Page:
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Research Project: Genetic Improvement of Crop Plants for Use with Low Quality Irrigation Waters: Physiological, Biochemical and Molecular Approaches

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Title: Growth and physiology of maize under water salinity stress and nitrogen fertilization in two soils

Author
item BRAZ, REGIS - Universidade Federal Do Ceara (UFC)
item LACERDA, CLAUDIVAN - Universidade Federal Do Ceara (UFC)
item ASSIS, RAIMUNDO - Universidade Estadual Do Ceara
item Ferreira, Jorge
item OLIVEIRA, ADRIANA - Universidade Estadual Do Ceara
item RIBEIRO, AUERLIANO - Universidade Estadual Do Ceara

Submitted to: Revista Brasileira de Engenharia Agricola e Ambiental
Publication Type: Peer Reviewed Journal
Publication Acceptance Date: 10/12/2019
Publication Date: 10/29/2019
Citation: Braz, R.S., Lacerda, C.F., Assis, R.N., Ferreira, J.F., Oliveira, A.C., Ribeiro, A.A. 2019. Growth and physiology of maize under water salinity stress and nitrogen fertilization in two soils. Revista Brasileira de Engenharia Agricola e Ambiental. 23(12):907-913.https://doi.org/10.1590/1807-1929/agriambi.v23n12p907-913.
DOI: https://doi.org/10.1590/1807-1929/agriambi.v23n12p907-913

Interpretive Summary: Salinity reduces the growth and yield of agricultural crops, but its deleterious effects may be aggravated depending on the species, cultivar, type of soil, and mineral fertilization. The objective of this study was to evaluate the effects of saline irrigation and nitrogen fertilization on the physiology and growth of maize cultivated in two soils with different textures. The experiment was carried out in a greenhouse at the Federal University of Ceará (Fortaleza, CE, Brazil). The study used soil columns (100 x 20 cm) arranged in a completely randomized design in a 2 x 2 x 4 factorial comprising of two soils (Ultisol and Neosol), two nitrogen rates (105 and 210 kg ha^[-1]), and four irrigation water salinity levels (0.5, 2.0, 4.0 and 6 dS m^[-1]) with four replicates. Nitrogen rates did not affect growth parameters, except for root biomass. Salinity significantly reduced plant growth and leaf gas exchange, but not stem diameter. Leaf gas exchange increased with the highest nitrogen rate, but there was no interaction between salinity and nitrogen dose. In general, providing extra nitrogen to the plants did not attenuate the effects of salinity in maize. These results will aid farmers and extension agents by providing evidence that extra costs in nitrogen fertilization of the corn crop, when under salinity, will lead to extra production costs without any added benefit.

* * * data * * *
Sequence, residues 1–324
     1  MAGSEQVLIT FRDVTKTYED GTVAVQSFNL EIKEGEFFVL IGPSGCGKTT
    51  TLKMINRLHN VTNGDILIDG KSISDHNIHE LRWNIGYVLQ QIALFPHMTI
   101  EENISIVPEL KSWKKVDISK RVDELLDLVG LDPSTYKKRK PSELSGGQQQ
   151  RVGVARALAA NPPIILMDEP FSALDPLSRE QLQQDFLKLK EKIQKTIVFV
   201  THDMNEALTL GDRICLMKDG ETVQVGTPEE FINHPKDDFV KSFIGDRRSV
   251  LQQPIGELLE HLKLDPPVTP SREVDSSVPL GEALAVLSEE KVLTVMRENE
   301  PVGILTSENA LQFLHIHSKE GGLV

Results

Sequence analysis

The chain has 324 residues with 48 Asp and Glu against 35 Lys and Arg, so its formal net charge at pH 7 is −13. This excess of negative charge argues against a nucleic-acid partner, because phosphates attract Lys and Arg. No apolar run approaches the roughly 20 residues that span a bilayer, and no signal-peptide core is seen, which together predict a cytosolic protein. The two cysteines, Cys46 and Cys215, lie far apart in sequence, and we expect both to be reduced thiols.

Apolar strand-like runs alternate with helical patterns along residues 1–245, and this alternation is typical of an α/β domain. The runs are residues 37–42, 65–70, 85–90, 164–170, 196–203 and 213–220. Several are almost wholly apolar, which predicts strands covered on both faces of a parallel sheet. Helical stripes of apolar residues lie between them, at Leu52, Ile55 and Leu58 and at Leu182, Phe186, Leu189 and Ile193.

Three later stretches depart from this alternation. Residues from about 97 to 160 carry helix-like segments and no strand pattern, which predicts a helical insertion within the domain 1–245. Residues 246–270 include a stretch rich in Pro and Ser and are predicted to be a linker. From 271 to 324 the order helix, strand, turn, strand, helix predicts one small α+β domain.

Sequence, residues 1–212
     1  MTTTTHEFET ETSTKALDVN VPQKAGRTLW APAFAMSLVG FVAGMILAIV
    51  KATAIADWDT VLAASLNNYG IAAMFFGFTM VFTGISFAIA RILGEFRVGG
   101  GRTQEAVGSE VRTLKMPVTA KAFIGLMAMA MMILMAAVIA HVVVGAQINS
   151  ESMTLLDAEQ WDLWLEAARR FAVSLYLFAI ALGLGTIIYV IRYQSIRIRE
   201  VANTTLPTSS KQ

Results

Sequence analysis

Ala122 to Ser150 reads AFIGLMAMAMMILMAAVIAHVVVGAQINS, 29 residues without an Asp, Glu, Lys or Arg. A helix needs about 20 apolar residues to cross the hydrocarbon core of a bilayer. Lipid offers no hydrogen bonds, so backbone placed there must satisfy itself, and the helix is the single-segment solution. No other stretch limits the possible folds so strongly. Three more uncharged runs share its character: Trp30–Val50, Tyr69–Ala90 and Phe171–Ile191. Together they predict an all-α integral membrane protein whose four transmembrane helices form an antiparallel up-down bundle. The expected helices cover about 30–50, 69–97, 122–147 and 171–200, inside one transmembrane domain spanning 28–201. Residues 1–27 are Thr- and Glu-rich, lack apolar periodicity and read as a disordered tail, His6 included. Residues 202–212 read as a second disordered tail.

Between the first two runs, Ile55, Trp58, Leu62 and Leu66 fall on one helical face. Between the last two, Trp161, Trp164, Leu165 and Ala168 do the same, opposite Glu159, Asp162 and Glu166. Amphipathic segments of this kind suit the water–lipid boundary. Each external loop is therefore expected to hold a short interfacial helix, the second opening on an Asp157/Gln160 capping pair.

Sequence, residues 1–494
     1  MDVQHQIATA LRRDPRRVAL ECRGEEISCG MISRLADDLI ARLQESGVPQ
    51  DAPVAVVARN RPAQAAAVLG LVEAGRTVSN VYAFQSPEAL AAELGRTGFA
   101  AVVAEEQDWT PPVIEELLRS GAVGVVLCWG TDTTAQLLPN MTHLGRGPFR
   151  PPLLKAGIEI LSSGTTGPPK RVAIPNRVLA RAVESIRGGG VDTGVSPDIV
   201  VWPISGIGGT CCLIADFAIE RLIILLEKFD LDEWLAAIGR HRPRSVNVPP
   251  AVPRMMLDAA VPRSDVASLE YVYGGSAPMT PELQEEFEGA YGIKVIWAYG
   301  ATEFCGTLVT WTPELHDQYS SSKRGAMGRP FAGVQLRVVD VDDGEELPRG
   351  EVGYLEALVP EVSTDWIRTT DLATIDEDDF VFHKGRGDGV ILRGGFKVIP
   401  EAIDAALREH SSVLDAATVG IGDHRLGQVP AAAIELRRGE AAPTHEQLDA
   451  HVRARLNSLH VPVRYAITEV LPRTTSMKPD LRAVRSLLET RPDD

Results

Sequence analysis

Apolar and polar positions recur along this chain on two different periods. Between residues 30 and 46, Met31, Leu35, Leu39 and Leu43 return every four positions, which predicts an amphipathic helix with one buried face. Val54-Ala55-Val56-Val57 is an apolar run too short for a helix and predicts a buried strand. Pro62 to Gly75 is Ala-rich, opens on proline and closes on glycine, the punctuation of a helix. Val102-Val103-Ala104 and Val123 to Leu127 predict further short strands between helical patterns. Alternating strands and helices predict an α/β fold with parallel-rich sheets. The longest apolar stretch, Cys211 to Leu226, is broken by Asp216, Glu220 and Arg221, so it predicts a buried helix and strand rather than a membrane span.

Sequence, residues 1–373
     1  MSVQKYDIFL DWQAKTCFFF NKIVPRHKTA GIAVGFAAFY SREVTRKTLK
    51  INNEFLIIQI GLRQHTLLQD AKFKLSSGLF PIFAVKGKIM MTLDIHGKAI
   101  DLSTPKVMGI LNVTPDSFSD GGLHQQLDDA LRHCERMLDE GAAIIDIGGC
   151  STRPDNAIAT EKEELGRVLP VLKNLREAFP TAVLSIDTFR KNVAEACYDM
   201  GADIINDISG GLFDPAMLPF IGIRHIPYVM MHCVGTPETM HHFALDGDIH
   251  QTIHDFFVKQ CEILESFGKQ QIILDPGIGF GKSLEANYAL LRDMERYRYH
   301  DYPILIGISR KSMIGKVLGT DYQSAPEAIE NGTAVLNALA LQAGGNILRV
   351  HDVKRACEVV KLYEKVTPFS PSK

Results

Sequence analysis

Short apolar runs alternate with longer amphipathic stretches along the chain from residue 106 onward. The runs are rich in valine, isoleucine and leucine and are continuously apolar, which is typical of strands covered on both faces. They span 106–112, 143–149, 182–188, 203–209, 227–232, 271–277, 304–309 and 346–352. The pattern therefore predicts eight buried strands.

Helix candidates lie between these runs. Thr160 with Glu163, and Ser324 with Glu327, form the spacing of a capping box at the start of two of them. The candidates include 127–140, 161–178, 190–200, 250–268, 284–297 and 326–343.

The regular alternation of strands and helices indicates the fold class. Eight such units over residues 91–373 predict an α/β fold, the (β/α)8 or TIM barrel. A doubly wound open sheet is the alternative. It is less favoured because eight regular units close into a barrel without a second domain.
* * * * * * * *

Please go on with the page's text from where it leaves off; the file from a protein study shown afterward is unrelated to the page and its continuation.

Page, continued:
Technical Abstract: The nitrogen fertilization, in general, minimizes the effects of salinity on plants, but the mitigating action depends on plant species, cultivar, soil texture and plant age, among other factors. The objective of this study was to evaluate the effects of irrigation water salinity and nitrogen fertilization on maize physiology and growth (Zea mays) in soils with different textures. The experiment was carried out in a greenhouse in Fortaleza City, CE, Brazil, in PVC soil columns (100 x 20 cm). The design was completely randomized using the factorial 2 x 2 x 4, referring to two soils, an Ultisol and a Quartzipsamment, nitrogen doses of 105 and 210 kg ha-1, under irrigation with saline water of 0.5, 2.0, 4.0 and 6.0 dS m-1, with four repetitions. With the exception of stem diameter, salinity of water impaired plant growth and leaf gas exchanges. The Ultisol provided better growth and physiological responses compared to the Quartzipsamment. The nitrogen doses did not mitigate growth variables except root biomass. The gas exchanges increased with the highest nitrogen dose, without interaction with the salinity.